Tips for Sleeping Better After Hip Surgery
More than 300,000 hip replacement surgeries are performed each year in the United States, according to the Agency for Healthcare Research and Quality. As surgical techniques and technology continue to improve, this figure is expected to increase even more in the coming years.
Nearly every patient who undergoes hip replacement surgery has questions about how to sleep afterward. It is not uncommon for patients to have difficulty sleeping after their surgical procedures. I want to make sure my patients get the best sleep possible in the weeks following hip replacement surgery, not just for their own comfort, but also because adequate sleep is necessary for optimal healing and recovery.
Make sure to stick closely to the pain management plan that your surgeon laid out prior to your procedure. Appropriate pain medications can help minimize the discomfort that makes sleeping difficult following surgery. However, you should always make sure to follow your surgeon’s prescribed plan carefully.
I recommend establishing new sleeping arrangements before the day of your surgery. In-home sleeping areas should not be more than a short distance away from the “recovery zone,” which is where you will be spending your waking hours. If you normally sleep upstairs, you may want to consider arranging a temporary place to sleep downstairs until you are able to comfortably navigate stairs again.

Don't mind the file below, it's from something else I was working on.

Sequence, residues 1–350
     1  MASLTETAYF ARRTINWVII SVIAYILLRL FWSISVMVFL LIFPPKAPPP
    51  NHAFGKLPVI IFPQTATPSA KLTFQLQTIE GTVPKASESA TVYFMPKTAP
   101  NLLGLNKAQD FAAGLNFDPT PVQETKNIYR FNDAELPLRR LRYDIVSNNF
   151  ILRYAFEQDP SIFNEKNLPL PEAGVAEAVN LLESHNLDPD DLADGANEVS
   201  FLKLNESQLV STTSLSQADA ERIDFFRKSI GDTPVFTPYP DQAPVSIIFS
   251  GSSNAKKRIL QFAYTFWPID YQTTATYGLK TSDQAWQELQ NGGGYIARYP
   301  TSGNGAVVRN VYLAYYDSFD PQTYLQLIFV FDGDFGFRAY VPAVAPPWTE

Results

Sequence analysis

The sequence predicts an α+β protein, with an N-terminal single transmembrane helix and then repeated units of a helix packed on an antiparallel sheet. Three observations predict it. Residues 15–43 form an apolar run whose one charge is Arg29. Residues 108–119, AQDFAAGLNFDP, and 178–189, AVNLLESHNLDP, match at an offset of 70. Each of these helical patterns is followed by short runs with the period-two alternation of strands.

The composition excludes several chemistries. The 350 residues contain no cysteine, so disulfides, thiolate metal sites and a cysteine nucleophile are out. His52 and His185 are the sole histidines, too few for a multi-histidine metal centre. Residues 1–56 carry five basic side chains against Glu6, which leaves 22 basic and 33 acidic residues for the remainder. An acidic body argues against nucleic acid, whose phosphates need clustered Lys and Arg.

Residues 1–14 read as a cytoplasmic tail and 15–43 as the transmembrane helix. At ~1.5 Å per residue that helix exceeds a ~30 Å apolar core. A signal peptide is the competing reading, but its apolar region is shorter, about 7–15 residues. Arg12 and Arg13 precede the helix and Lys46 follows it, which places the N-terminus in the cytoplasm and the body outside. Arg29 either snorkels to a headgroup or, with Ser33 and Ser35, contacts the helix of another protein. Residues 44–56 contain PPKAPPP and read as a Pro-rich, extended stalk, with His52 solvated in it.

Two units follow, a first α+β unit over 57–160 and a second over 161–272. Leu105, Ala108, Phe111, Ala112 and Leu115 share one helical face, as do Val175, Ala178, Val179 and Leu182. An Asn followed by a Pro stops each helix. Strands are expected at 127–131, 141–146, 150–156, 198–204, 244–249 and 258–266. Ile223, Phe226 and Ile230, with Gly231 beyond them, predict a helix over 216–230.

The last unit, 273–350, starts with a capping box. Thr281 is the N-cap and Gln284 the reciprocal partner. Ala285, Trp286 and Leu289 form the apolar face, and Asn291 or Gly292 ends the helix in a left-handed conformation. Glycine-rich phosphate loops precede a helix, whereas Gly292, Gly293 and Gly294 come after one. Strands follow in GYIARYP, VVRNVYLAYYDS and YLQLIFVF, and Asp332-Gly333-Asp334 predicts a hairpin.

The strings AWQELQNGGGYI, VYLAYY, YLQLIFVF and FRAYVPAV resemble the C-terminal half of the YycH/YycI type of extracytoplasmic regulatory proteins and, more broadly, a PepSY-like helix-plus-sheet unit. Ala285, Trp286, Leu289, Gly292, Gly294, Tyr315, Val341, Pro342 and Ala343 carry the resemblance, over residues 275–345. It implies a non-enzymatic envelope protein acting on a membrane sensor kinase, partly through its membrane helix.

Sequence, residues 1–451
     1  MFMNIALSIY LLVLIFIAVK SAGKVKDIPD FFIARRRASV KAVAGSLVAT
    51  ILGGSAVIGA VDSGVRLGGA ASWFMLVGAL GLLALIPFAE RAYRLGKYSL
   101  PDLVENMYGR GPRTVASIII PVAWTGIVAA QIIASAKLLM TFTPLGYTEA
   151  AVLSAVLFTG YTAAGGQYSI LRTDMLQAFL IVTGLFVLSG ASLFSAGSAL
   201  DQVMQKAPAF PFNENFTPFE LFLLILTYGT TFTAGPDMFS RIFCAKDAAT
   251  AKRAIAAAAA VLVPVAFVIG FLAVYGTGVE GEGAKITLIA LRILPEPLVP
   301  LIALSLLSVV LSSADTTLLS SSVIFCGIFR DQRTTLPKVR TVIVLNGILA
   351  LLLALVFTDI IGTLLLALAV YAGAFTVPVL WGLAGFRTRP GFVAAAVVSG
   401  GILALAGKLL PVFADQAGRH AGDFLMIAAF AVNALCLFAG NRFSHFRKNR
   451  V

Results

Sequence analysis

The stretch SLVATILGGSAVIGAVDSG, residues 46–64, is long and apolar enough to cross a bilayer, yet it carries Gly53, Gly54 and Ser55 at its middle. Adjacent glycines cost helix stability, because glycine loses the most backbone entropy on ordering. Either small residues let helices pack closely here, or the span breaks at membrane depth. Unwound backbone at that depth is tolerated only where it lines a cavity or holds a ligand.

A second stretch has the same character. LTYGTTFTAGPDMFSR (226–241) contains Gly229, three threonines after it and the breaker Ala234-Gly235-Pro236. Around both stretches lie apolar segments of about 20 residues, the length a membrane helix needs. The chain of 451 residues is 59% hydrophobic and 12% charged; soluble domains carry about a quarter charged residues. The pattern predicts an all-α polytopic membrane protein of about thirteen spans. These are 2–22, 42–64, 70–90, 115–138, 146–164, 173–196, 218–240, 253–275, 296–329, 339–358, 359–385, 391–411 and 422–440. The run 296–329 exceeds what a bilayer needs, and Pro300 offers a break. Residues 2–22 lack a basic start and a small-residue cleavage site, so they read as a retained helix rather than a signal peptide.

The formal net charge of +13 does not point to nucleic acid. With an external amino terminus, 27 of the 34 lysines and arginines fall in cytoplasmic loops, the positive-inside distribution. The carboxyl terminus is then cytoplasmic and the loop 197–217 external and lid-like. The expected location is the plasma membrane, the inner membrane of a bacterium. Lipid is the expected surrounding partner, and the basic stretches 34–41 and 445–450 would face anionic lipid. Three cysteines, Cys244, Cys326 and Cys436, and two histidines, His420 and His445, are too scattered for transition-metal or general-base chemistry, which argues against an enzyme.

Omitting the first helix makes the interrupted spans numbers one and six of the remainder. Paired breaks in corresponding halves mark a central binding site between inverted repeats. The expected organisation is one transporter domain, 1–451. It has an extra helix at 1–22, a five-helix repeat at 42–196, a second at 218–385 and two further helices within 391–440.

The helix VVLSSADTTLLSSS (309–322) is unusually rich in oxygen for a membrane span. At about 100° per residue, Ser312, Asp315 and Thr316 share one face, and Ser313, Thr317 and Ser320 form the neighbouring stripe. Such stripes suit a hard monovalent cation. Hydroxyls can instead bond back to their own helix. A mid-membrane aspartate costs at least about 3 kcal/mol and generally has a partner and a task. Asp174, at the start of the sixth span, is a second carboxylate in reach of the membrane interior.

My best advice is to give it time and be patient. The hardest time to sleep after hip surgery will be in the first four to six weeks. Sleeping becomes much easier as you continue through the recovery process.
One thing I do not recommend after hip replacement surgery is sitting or laying with your legs crossed. Sitting with your legs crossed increases the risk of dislocation after hip surgery, and it should be avoided. The height of the hip joint should be higher than the height of the knee joint whenever you are in a seated position.
I also want my patients to avoid “positions of danger” in the weeks following surgery. The most common scenarios when patients would be in these positions is when rising from a bed or chair, or when bending down to the floor, possibly to pick up something that’s been knocked off a bedside table. If your surgeon used a posterior approach during your surgery, then you should avoid bending your hip past 90 degrees, bringing your leg inward, or internally rotating your hip.
Your surgeon can tell you when it is safe to sleep on your affected side. Usually, we recommend waiting at least six weeks before sleeping on your operative side.
Dr. Troy Miles is an orthopaedic joint replacement specialist in Redding, California. He has advanced training in a variety of approaches to joint replacement, including direct anterior hip replacement and minimally invasive techniques. These techniques allow him to minimize pain post-surgery, and perform some joint replacement procedures in an outpatient setting. Dr. Miles is committed to providing the highest level of orthopaedic care to his patients. For all appointments and inquiries, please call (530) 246-2467.